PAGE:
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Analysis: Germany can help next president

Both Obama and McCain have announced they will revive the trans-Atlantic partnership; Obama even traveled to Berlin to give a campaign speech there, with some 200,000 Germans flocking to the Victory Column to see and hear the Democratic presidential candidate.
by Stefan Nicola
Berlin (UPI) Oct 27, 2008
The next U.S. president should turn to Germany as a key ally for solving security issues around the world, according to a group of experts.

As the race for the White House draws to a close, analysts are already preparing for the time ahead. No matter who wins the presidency -- Barack Obama or John McCain -- the successor of George W. Bush will have to tackle a number of tough security challenges, ranging from a resurgent Russia, security concerns in Afghanistan and the lingering peace process in the Middle East to global climate change and -- most pressingly -- the financial crisis.

On all these issues, Washington should turn to Germany as a potential source of help, a group of experts from the American Institute for Contemporary German Studies at Johns Hopkins University write in a memo addressed to the next U.S. president.

"Under your leadership, the American-German partnership must transcend the fraying thread of gratitude and rather re-establish itself as a strategy to address the challenges of the world with clear standards of success," the memo, called "A new map for American-German relations," reads. "Engaging pivotal allies such as Germany on the challenges at hand will be the key to your successful foreign policy."

The memo outlines the above-mentioned security challenges and notes how Germany can be of help; it also outlines potential pitfalls the United States might encounter in engaging with Germany, should the two nations' policies be less congruent. How troubled relations can hamper diplomatic progress was demonstrated shortly after the launch of the Iraq war, when Bush and German Chancellor Gerhard Schroeder were hardly able to talk to each other.

Both Obama and McCain have announced they will revive the trans-Atlantic partnership; Obama even traveled to Berlin to give a campaign speech there, with some 200,000 Germans flocking to the Victory Column to see and hear the Democratic presidential candidate.

Already, trans-Atlantic relations have improved since Schroeder's successor, Chancellor Angela Merkel, took office in late 2005. Yet the next U.S. administration will open up entirely new ways for diplomacy, experts say.

"For the first time in 50 years or so, there is a real opportunity for global governance," Richard Burt, ambassador to Germany from 1985 to 1987, said at the memo's presentation Monday in Berlin. He added that Berlin now needs to become much more active to help Washington tackle a series of crises.

"There is a new requirement for European activism," he said. "The Germans -- whether they like it or not -- will probably have to lead the way."

Burt is one of the 12 experts who compiled the memo after more than a year of meetings and workshops. The result is an unusually concrete piece of advice that highlights where and how Germany could and should be of help to the next U.S. president.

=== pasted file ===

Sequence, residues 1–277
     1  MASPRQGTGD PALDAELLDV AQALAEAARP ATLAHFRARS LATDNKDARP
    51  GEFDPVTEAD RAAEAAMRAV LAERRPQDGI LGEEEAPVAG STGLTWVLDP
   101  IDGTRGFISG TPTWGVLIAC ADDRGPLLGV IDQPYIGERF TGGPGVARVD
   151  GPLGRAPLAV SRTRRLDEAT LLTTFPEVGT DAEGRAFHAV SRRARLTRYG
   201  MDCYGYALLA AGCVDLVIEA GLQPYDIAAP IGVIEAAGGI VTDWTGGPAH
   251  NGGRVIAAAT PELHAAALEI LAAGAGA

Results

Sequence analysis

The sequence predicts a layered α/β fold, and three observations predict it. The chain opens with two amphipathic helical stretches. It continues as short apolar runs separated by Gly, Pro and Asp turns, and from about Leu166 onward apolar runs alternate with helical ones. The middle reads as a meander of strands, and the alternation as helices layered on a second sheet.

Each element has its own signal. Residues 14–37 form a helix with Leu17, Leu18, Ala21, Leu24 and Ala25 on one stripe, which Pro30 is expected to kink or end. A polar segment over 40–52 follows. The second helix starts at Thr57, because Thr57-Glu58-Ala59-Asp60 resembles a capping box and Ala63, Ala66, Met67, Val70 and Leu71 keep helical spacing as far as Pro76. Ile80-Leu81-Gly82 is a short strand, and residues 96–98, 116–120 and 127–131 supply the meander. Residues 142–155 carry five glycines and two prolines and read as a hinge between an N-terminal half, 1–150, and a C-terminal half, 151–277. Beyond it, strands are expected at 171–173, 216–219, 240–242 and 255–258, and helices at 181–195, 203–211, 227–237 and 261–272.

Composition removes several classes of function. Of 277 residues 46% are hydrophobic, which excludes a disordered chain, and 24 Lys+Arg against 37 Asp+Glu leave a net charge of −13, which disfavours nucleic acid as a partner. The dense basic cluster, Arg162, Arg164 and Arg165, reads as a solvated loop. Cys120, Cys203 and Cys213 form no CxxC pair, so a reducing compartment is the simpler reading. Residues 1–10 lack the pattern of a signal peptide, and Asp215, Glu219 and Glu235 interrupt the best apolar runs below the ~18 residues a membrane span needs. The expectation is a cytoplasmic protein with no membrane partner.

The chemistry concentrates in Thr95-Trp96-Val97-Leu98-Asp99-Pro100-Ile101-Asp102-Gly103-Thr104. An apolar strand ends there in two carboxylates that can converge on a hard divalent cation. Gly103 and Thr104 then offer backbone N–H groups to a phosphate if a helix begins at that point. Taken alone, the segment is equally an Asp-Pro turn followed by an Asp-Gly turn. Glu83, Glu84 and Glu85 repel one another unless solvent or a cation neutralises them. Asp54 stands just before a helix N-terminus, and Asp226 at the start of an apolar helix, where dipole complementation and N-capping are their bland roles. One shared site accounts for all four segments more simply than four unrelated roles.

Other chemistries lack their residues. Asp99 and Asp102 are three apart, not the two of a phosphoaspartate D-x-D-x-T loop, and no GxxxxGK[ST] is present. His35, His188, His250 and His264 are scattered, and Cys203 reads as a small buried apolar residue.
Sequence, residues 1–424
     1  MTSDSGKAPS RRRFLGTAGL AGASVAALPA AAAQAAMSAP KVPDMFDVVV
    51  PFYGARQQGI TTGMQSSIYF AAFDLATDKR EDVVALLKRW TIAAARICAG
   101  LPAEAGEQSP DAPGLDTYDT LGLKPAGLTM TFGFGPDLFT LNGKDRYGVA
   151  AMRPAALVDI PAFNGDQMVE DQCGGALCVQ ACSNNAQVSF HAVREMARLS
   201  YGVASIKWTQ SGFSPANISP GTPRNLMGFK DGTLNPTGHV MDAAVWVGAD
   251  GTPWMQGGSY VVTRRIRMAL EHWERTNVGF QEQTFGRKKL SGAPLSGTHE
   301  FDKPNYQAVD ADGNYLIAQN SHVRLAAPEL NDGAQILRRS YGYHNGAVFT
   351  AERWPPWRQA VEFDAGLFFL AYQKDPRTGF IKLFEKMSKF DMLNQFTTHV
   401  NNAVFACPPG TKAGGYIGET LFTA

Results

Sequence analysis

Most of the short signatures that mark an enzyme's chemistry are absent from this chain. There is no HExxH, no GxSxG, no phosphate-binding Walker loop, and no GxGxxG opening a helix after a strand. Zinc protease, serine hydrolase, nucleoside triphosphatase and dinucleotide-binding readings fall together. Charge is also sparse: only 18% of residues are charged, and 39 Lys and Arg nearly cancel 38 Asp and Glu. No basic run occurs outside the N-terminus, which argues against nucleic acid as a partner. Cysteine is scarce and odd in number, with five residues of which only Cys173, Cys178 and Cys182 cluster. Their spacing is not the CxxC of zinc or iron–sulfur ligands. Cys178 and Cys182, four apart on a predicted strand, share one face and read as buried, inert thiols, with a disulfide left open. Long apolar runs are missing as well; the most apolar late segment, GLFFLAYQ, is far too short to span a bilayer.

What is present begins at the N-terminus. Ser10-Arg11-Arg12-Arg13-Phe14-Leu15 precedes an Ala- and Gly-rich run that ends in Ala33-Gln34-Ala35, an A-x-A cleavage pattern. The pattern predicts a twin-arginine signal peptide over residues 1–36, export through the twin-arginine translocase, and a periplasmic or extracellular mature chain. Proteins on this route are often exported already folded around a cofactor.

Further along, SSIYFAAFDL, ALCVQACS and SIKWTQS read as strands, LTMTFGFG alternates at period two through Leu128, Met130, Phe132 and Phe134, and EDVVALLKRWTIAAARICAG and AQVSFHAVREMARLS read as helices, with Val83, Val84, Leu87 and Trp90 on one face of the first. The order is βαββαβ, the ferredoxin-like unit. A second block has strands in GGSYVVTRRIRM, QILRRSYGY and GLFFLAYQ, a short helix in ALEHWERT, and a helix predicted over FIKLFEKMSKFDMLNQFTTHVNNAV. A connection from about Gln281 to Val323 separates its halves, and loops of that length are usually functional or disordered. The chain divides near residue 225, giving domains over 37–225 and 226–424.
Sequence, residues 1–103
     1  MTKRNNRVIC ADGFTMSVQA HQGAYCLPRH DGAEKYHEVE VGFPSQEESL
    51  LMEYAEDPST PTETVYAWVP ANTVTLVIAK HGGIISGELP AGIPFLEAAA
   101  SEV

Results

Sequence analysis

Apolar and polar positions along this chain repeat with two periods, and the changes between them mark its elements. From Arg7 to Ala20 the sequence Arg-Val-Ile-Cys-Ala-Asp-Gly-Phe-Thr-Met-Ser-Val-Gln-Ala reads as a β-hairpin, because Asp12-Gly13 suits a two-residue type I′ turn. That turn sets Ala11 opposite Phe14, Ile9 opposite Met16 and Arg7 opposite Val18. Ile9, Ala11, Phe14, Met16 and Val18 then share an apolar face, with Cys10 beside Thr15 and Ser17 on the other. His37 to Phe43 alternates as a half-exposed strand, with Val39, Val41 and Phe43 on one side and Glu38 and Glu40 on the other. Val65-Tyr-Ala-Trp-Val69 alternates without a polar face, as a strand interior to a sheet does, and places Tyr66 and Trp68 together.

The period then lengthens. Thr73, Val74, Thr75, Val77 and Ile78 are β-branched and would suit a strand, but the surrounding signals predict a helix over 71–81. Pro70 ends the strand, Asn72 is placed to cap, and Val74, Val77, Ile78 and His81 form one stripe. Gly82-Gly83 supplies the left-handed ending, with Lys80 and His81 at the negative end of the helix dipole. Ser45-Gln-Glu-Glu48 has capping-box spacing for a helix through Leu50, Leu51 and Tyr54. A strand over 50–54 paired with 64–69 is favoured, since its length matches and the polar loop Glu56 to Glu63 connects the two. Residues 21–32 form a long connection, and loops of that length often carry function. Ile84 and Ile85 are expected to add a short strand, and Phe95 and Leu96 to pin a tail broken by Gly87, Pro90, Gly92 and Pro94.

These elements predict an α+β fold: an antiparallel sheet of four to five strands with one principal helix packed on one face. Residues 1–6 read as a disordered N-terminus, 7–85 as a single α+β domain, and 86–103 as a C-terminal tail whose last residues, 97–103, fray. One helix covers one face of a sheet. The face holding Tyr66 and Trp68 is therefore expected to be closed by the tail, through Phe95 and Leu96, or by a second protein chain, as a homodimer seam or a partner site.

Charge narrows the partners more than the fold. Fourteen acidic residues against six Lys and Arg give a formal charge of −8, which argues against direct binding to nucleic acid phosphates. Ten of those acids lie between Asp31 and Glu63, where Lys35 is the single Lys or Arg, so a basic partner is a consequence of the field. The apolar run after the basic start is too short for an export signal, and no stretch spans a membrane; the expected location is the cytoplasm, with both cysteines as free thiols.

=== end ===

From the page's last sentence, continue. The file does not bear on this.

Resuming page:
Because of its political and economic weight in Europe, and because it plays a "critically important role in many highly volatile areas of interest to the United States," Germany is an ideal ally, the experts write.

In regard to Washington's volatile relations with Russia, for example, the memo advises Washington to:

-- Form a high-level working group with Germany and other key European allies to consolidate the West's Russia policy.

-- Come up with a coordinated strategy on Russia to avoid a trans-Atlantic rift that may be exploited by Russia to the detriment of the West.

-- Support European efforts to consolidate its energy policy with an emphasis on renewable energy and alternative energy sources to decrease European dependence on Russia in the long run.

-- Encourage Germany to use its special relationship with Russia in a moderating role.

-- Engage Russia, together with Germany, more creatively on issues such as arms control, global health and global warming.

Germany also could help in the Israeli-Palestinian conflict because it is perceived as an honest broker in the region; it could, with its long experience in environmental policies, advise Washington on climate protection and renewable energy legislation; and finally, Germany could use its clout as the largest economy in Europe by helping Washington shape a new economic world order to combat the financial crisis, the toughest financial challenge to a U.S. president "in 70 years," said Jackson Janes, head of the American Institute for Contemporary German Studies.

In any case, the current diplomatic framework has so radically changed that no U.S. president can go it alone, said John Kornblum, the ambassador to Germany from 1997 to 2001.

"The diplomatic blueprints have to be redone," he said. "The old answers and methods won't work anymore."

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China's Wen leaves for Russia, Kazakhstan
Beijing (AFP) Oct 27, 2008
Chinese Prime Minister Wen Jiabao embarked on a five-day tour of Russia and Kazakhstan on Monday which is expected to focus on the global financial crisis and energy security.

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